Football success in Brazil may not be over yet for England. Although England's national team failed to make the knockout stages of the FIFA World Cup, the University of Hertfordshire's robot football team, the 'Bold Hearts', is set to fly out to Brazil next week to compete in the 2014 RoboCup robotics world championship -- taking place in João Pessoa, Brazil, 19 -- 24 July 2014.
Robot teams from around the world, including the USA, Japan, China, Germany as well as the UK, take part in the RoboCup competition which hosts a series of tournaments in various robotic disciplines, the most prominent of them being football. The concept behind these competitions is to provide a uniform and comparable test-bed for progress in robotic research. Teams use state-of-the-art artificial intelligence with the aim that by 2050 a team of robots will be able to take and beat the best human players -- to be the world champions!
Dr Daniel Polani, Researcher and Reader in Artificial Life and Team Leader of Bold Hearts at the University of Hertfordshire, said: "We've been taking part in the RoboCup competition since 2003. And this year we have been making significant advances with our robots. To succeed at RoboCup competitions, it is not sufficient for robots to operate well in laboratories they have to prove themselves in a novel environment and in adversarial circumstances against opponent teams. We have built on our success in the simulation league, where artificial intelligence software controls virtual reality robots, aiming to become one of the best humanoid robot football teams now that we are in the humanoid hardware league."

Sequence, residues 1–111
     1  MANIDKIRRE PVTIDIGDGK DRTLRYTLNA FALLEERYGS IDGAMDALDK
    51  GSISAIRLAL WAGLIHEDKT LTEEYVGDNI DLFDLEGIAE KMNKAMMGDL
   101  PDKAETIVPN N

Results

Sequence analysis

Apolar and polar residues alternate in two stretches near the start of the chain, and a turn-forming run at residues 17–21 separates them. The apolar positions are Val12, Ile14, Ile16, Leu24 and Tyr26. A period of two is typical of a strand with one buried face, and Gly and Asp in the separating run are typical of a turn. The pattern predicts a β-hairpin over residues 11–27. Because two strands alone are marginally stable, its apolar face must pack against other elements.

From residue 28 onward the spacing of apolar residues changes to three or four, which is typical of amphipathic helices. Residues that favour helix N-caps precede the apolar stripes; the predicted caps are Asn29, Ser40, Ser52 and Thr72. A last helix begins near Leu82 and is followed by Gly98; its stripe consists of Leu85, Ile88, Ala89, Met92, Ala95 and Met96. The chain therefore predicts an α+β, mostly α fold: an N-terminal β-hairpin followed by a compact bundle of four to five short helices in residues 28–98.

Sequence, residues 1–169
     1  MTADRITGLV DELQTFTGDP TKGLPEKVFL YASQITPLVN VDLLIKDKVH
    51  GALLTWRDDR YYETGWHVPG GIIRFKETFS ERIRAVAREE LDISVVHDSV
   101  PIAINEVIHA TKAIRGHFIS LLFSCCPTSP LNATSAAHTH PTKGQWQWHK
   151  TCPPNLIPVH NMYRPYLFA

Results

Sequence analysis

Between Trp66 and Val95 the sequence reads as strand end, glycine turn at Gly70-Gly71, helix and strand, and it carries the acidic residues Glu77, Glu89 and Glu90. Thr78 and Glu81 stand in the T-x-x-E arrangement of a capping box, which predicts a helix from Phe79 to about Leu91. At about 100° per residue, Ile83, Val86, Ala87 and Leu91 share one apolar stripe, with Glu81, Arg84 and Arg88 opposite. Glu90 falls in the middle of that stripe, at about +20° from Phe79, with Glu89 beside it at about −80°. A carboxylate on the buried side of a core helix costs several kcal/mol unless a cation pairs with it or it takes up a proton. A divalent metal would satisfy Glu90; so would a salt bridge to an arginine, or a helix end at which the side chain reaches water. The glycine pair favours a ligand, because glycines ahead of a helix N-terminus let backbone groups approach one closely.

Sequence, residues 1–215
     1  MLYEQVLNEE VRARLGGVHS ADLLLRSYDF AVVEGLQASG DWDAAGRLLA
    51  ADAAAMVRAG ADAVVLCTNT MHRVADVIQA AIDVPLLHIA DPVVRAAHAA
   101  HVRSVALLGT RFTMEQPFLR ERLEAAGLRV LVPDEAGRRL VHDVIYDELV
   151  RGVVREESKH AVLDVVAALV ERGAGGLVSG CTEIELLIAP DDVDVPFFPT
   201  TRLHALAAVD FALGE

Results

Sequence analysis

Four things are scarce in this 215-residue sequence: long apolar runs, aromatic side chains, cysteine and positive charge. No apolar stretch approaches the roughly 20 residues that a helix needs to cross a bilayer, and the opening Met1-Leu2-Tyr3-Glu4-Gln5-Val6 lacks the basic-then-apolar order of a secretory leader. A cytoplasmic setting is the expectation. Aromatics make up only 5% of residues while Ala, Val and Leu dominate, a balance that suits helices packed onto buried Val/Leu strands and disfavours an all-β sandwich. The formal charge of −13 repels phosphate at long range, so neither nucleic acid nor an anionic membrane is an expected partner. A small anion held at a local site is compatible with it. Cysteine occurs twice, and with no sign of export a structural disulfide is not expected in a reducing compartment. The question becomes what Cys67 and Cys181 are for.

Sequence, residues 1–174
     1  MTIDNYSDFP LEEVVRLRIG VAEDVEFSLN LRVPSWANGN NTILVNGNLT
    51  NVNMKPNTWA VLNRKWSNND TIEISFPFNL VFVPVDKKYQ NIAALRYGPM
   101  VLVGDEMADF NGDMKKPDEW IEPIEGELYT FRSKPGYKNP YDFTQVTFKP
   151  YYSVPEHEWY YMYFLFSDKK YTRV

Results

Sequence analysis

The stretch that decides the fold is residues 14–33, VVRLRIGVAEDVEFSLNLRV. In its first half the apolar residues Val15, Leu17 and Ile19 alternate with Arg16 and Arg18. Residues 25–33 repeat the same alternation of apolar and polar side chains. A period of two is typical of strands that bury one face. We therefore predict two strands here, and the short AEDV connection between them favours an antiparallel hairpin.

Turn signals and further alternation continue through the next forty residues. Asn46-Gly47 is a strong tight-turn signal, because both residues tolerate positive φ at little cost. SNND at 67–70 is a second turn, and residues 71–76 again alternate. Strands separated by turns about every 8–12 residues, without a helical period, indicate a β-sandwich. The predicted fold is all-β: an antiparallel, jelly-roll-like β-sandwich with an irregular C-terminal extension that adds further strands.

In the RoboCup humanoid competition, the robots are fully autonomous -- humans are not allowed to control the robots remotely during a game. Only at the beginning of the game, the robots receive a "start" command and begin playing. They can communicate with each other, but are not allowed to use external computers or commands. Every decision must be computed on board by the robot itself. This is the extremely difficult challenge that the RoboCup community has set itself as a target.
Dr Polani continued: "In 2013, Bold Hearts made the transition from a pure simulation team to a team of hardware humanoid robots. Despite the transition, we made a great start in the competition series. This year, we have focused on expanding our abilities -- and we're really proud and excited that our team took 2nd place at the RoboCup German Open (April 2014) and 3rd place at the RoboCup Iran Open (April 2014), ahead of some very well-established and strong teams. So that's set us up really well for the RoboCup World Championship in Brazil at the end of July."
Just like the national teams taking part in the FIFA World Cup, the humanoid robot teams need to be able to score goals and communicate with each other. The Bold Hearts team has been very successful in scoring goals -- a good attribute to have, you may think. But what if they are own goals? For example, in the first game at the German Open 2014, Bold Hearts won 4:2, but Bold Hearts scored all six of the goals! So Bold Hearts' goal scoring ability was clearly indisputable! However, this result showed a clear need to put a 'direction-detecting' module urgently into action.
Dr Polani added: "Implementing the 'direction-detecting' module definitely had the desired result -- with no further own goals. But the Bold hearts robots became what could be described as more 'cautious' and 'hesitating'. "
"While this would be sufficient for a good placing at the Open competitions in Germany and Iran, such hesitation would not be good enough at the World Championship in Brazil. So we have had to put our efforts into making the Bold Hearts team more forceful and decisive, improve situational awareness, and we incorporated past experience from the simulation competitions to achieve better team play -- so robots on the team would pay more attention to each other."
The RoboCup competition highlights the challenges and promises of the future of robotics.
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